ON, Canada
    Posts
    815

    Default

    Getting to ride a 3rd level horse for approximately $500 a month is a pretty good deal, especially because it sounds like a free lease situation on a relatively pricey horse to buy or lease.

    The 2 partboarders should split the cost of the grain.

    Don't apologize for having requirements to keep your nice horse nice. Feed is important.

    Grain is really not that expensive on the scale of all things horsey, and it shouldn't be a deal breaker.
    Proud Member of the "Tidy Rabbit Tinfoil Hat Wearers" clique and the "I'm in my 20's and Hope to be a Good Rider Someday" clique



  15. #15
    Join Date
    Nov. 18, 2011
    Location
    Toronto, Ontario
    Posts
    77

    Default

    Never hurts to ask. You won't know the answer unless you do.

    If the Senior feed doesn't have enough fat for you but meets your requirements otherwise, what about adding oil to the feed if you are unable to get her current grain?



  16. #16
    Join Date
    Mar. 8, 2004
    Location
    Baltimore, MD
    Posts
    19,592

    Default

    I love the Nutrena Pro Senior. I agree that you could always add oil or BOSS if the horse truly needed more fat.



  17. #17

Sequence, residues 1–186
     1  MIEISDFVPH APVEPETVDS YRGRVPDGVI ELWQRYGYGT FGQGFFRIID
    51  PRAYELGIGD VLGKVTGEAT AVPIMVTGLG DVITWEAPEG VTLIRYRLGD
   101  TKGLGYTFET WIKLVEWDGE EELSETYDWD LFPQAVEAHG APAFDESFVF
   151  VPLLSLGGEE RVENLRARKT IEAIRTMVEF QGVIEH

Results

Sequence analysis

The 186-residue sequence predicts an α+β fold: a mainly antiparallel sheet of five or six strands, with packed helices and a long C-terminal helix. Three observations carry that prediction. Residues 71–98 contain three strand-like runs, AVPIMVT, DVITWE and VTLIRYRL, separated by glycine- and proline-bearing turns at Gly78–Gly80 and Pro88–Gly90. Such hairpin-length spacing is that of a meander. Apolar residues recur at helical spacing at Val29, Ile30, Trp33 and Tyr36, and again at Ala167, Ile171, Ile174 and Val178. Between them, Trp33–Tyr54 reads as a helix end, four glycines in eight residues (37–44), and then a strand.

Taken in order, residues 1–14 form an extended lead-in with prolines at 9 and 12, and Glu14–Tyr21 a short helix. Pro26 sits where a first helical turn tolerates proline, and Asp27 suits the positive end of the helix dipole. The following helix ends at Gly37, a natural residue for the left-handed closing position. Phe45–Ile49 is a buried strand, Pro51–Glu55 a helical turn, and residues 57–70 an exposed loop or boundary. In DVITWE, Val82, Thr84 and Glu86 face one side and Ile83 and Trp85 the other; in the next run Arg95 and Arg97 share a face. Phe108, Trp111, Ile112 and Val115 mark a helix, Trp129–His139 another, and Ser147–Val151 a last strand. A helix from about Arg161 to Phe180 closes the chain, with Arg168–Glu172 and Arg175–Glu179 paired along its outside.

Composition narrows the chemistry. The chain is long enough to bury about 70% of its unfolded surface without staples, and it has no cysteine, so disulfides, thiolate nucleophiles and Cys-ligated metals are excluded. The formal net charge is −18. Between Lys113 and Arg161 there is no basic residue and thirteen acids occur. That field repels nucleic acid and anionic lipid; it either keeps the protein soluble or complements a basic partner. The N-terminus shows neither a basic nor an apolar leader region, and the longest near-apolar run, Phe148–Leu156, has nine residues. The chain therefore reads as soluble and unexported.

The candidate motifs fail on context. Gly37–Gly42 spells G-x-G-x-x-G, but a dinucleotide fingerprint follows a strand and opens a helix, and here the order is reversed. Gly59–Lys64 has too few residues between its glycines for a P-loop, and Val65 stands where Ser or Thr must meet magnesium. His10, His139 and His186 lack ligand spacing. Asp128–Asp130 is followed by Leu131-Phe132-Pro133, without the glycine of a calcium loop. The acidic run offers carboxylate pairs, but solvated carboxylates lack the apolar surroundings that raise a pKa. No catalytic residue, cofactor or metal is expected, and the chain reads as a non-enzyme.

Join Date
    Jan. 16, 2002
    Location
    West Coast of Michigan
    Posts
    36,321

    Default

    If the "Senior" grain is acceptable but not enough fat, just feed that and add a fat source.
    Click here before you buy.



  18. #18
    Join Date
    Aug. 22, 2005
    Location
    mid-atlantic
    Posts
    2,402

    Default

    I disagree with stipulating that your horse remain on your chosen grain unless you have a documented medical reason (i.e. she tested IR or has allergies, etc.). I think horse people get very stuck in their own ways. Just because your horse does well on your program doesn't mean that she won't do well on someone else's. If these people are competent enough horse people that you will lease them your horse 2 hours away, give them the chance to take care of her too. And follow up with occasional site visits, just in case.
    "You become responsible, forever, for what you have tamed." - The Little Prince


    1 members found this post helpful.

  19. #19
    Join Date
    Jun. 20, 2009
    Location
    Hunterdon County NJ
    Posts
    2,911

    Default

    This horse is also going to have a big change in hay, grass, and environment. Some horses are calmer or crazier at one barn or another just based on facility layout, traffic, etc. Not to mention the 2 diff riders. So maybe you can worry about it more when the horse is moved, and you see how it goes.